Message for the end of Ramadan (1999)
The Holy See
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Christians and Muslims: Witnesses of GodÂ’s Love and Mercy

Dear Muslim Friends,

1. The great feasts, such as ‘Id al-Fitr which you celebrate at the end of Ramadan, are special times both for God and for humanity. They are a special time for God, reminding us with more force, and in a community fashion, of God’s presence and action in human history and in our own personal and family life. Such feasts are also a special time for us human beings, a time of rest from daily work, a time for prayer and reflection, a time for ourselves and also for meeting our relatives, friends and neighbours.

2. God loves all human beings, excluding no one. He is the source of all love in the family, in society, in the world. It is from God that we learn to love one another in a gratuitous manner, without expecting any reward here below. God is the Merciful One. He is close to his servants. He hears their prayers. So we can say that belief in God impels us to an attitude of good will towards our brothers and sisters.

3. There are many ways of showing love, expressions of our faithfulness to the Merciful One: almsgiving - the alms on the occasion of ‘Id al-Fitr have special importance for you -, care for orphans, the aged, the sick, for strangers, as also the commitment to promote human dignity and in favour of human rights, commitment to development, to the fight against many evils of our societies such as illiteracy, the influence of drugs, the abuse of minors, violence against women. Pardon, reconciliation, reopening dialogues that have broken down, the promotion of peace, education in respect for others - all these are different ways of expressing love. There exists, between our two religions, a considerable degree of agreement with regard to effectively showing mercy to one’s neighbour. Is there not here a wide field for collaboration between Christians and Muslims which needs to be developed ?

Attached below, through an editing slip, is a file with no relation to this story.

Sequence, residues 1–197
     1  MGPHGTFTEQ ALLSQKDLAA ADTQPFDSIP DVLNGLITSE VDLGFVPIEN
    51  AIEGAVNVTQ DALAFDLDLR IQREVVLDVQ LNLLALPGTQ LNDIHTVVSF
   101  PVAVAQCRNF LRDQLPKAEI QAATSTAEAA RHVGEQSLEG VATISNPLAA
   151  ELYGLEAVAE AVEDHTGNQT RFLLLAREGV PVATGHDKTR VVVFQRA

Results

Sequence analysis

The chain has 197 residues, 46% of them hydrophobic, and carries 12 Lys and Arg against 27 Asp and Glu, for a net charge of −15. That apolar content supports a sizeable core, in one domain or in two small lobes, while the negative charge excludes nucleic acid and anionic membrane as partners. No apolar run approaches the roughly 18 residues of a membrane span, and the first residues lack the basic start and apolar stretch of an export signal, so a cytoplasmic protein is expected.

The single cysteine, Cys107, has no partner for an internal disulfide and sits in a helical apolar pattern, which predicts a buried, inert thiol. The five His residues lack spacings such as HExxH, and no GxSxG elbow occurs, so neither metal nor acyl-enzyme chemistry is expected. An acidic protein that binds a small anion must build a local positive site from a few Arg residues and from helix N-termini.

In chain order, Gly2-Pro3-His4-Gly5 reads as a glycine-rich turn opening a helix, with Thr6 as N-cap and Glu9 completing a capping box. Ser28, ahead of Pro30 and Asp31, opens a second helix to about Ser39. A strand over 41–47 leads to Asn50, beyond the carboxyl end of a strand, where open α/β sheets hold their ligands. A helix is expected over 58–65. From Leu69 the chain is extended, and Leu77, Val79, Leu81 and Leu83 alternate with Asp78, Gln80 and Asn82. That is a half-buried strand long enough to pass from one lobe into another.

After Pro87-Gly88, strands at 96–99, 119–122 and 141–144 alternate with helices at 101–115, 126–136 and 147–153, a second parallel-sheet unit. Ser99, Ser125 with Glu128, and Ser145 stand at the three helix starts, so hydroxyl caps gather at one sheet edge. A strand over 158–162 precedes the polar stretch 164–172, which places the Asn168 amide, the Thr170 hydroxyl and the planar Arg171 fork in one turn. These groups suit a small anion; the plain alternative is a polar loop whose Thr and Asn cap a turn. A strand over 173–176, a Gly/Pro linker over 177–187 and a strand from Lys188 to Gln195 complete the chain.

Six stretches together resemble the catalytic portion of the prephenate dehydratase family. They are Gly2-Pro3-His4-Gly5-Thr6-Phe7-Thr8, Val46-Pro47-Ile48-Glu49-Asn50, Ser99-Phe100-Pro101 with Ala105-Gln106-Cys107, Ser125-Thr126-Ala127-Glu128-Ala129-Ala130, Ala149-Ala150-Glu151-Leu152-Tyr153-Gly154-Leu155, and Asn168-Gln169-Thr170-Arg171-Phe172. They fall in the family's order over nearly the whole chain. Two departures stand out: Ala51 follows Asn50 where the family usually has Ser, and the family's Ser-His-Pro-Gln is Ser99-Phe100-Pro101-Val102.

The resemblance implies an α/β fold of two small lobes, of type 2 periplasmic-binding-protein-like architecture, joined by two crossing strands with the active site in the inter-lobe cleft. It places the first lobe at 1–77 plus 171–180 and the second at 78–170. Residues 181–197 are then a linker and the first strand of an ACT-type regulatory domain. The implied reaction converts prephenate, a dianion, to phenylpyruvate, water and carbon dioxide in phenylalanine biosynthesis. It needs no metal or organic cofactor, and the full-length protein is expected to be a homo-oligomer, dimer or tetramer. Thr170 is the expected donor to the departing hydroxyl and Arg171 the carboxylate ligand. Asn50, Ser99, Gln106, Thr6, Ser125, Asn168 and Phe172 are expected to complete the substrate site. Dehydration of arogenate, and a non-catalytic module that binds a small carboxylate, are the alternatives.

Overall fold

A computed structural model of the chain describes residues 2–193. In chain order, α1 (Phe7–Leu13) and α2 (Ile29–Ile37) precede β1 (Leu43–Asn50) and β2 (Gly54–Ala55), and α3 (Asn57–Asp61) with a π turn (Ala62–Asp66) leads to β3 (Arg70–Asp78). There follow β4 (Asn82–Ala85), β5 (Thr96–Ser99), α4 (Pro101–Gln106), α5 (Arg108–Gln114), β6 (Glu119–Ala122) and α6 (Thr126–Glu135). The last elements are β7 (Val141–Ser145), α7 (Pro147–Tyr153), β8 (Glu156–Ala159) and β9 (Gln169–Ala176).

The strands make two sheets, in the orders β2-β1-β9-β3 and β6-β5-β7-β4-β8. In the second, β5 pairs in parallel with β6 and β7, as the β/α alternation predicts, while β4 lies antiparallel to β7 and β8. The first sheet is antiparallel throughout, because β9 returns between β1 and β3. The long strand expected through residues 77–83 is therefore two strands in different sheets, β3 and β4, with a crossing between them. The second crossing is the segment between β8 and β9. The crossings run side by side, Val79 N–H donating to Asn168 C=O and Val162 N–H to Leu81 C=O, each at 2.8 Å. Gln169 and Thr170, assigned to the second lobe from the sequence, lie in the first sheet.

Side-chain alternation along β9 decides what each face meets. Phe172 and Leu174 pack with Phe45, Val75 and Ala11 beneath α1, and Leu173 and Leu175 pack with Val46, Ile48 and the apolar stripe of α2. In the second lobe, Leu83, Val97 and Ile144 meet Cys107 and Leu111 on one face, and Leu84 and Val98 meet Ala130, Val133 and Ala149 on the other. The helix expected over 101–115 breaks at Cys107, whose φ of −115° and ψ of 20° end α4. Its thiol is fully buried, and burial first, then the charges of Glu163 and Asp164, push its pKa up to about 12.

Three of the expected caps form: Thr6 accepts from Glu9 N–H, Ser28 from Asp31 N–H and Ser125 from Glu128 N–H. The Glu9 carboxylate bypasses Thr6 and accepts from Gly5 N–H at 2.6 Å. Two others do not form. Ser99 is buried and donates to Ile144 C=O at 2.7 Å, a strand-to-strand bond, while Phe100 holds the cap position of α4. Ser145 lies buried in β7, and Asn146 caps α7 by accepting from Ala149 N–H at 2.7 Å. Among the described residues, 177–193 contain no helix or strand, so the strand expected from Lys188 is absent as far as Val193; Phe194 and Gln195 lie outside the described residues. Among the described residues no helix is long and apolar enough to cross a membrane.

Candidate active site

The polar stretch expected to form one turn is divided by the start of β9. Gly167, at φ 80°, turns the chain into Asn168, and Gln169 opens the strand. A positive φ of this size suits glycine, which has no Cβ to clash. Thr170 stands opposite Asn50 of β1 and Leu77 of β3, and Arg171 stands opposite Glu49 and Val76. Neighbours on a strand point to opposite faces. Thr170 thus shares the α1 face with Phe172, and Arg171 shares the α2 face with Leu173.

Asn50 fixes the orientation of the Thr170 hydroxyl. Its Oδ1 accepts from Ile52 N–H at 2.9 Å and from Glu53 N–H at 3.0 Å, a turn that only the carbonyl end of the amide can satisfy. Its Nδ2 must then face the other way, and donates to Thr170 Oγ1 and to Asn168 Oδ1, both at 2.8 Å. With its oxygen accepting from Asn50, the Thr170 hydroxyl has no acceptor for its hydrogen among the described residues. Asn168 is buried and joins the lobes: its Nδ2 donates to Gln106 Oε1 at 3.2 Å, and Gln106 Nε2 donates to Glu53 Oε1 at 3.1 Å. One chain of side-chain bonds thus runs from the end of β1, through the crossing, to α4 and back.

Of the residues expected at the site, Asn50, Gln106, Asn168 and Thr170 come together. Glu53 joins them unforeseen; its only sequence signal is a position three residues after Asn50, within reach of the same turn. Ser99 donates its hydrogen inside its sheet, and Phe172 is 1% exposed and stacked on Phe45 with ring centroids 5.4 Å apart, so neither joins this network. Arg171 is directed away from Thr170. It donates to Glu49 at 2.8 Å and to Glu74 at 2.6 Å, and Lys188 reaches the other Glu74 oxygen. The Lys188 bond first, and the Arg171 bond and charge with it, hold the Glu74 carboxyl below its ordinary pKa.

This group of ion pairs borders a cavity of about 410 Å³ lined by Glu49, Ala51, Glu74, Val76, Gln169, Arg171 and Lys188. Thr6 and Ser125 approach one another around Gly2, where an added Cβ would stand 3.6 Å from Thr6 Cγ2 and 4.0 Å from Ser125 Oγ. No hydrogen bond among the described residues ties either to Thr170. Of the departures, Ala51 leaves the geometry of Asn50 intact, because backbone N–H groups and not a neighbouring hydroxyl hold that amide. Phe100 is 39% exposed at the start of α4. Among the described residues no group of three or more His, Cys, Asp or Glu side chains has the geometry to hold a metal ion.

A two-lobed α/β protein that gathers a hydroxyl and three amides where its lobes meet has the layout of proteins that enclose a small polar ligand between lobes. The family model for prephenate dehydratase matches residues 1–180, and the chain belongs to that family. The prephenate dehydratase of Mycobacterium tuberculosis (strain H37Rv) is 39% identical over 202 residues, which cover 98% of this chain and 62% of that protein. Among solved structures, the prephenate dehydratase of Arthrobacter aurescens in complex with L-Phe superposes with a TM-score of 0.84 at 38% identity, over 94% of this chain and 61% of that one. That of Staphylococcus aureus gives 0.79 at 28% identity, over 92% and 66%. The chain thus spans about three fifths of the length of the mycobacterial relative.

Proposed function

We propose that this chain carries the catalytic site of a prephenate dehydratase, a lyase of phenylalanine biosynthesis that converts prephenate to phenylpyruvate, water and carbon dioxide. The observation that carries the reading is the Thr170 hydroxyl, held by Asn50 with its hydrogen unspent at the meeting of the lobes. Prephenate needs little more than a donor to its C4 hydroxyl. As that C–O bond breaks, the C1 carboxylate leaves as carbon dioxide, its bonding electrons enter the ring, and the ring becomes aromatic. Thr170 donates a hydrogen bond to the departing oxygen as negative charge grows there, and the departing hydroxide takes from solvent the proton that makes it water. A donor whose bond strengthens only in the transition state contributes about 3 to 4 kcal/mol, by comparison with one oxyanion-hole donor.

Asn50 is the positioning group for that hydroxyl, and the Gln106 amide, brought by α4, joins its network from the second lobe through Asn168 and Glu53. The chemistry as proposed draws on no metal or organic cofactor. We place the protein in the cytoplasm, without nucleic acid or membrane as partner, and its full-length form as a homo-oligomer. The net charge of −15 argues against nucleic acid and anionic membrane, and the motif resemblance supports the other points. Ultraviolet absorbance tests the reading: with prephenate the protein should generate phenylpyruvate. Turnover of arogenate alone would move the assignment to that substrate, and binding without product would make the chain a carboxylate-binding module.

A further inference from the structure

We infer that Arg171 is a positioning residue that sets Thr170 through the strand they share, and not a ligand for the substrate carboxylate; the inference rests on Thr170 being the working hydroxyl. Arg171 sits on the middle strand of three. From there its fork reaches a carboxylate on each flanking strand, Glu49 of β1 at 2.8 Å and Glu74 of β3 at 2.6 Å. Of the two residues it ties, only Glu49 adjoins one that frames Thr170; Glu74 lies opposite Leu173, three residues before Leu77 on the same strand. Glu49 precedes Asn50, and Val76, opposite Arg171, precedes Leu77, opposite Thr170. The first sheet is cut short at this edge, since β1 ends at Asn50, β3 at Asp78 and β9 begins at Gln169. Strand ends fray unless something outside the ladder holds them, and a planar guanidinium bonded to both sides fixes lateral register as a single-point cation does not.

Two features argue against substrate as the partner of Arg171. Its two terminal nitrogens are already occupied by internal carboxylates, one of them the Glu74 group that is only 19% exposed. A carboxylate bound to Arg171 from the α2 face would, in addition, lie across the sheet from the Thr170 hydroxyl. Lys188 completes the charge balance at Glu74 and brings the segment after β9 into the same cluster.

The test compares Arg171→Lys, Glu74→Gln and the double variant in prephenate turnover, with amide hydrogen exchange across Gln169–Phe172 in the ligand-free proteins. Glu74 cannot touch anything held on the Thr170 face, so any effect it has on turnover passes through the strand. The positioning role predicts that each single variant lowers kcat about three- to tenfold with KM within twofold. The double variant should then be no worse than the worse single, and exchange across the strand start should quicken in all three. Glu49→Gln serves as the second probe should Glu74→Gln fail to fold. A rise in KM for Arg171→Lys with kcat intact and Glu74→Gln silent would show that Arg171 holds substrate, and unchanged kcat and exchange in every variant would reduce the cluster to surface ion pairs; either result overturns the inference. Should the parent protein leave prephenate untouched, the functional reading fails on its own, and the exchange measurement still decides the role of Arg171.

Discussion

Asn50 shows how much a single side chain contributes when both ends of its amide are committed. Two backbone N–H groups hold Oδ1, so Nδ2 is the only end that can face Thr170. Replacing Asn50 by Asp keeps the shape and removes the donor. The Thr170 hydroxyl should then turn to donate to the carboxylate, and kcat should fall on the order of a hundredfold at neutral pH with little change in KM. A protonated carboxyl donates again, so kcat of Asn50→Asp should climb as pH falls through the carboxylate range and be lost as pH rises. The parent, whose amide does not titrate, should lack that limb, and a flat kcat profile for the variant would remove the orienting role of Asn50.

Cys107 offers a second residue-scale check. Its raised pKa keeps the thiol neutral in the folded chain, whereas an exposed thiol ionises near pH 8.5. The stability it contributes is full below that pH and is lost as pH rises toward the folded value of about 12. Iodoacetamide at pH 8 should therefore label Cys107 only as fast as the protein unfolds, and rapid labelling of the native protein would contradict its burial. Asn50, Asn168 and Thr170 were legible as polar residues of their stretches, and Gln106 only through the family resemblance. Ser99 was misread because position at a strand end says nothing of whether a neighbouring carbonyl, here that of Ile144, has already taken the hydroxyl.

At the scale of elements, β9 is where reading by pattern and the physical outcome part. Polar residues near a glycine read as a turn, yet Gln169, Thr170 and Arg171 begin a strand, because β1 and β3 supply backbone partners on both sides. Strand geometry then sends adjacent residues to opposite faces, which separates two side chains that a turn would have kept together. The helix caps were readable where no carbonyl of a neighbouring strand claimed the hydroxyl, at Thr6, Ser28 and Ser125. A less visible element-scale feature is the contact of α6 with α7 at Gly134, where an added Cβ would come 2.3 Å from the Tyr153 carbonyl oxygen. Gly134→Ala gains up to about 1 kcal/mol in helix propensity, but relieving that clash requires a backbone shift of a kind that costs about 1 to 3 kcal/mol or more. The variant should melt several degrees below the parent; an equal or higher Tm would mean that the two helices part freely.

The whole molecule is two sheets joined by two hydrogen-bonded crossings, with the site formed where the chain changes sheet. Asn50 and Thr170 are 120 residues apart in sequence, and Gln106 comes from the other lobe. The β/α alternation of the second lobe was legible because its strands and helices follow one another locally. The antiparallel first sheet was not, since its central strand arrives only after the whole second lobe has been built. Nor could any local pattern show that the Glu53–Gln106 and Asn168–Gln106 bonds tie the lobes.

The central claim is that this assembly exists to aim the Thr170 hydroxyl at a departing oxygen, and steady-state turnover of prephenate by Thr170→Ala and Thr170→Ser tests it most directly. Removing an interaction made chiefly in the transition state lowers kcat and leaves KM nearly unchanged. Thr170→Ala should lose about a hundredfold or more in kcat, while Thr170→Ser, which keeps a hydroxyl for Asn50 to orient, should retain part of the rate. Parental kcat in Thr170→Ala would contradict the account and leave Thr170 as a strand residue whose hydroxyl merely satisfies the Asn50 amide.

4. Offences against the love of neighbour are also numerous: ignoring the needs of others, refusing the duty of solidarity, hatred, discrimination based on sex, race or religion, injustice in all its forms. There is great convergence between our two religions in condemning such faults.

5. GodÂ’s love for humanity is universal, going beyond political frontiers, beyond the differences of race, culture or religion, beyond political or ideological options, independent of any particular social situation. We are therefore invited, on the basis of our belief, to love one another. True love is indeed at the heart of the believerÂ’s way of acting.

6. I am addressing to you this message fully conscious that we, both Christians and Muslims, have not always loved and respected one another as God requires of us. Unfortunately this lack of mutual love is not only a fact of past history, but is also part of present reality. Nevertheless it is important at the same time to note and to make known the numerous situations where Christians and Muslims live peacefully and fruitfully together. Such examples encourage us to do all we can so that Christians and Muslims everywhere may live together in this way. We are invited to examine the nature of our relations, both in the past and in the present, and above all to make a decision to become more and more what God calls us to be: witnesses of his goodness and mercy, especially towards the weaker members of society.

7. Wishing you, my dear Muslim Friends, an abundance of divine blessings, on my own behalf and on behalf of Catholics throughout the world, I renew my expressions of friendship and esteem.

Cardinal Francis Arinze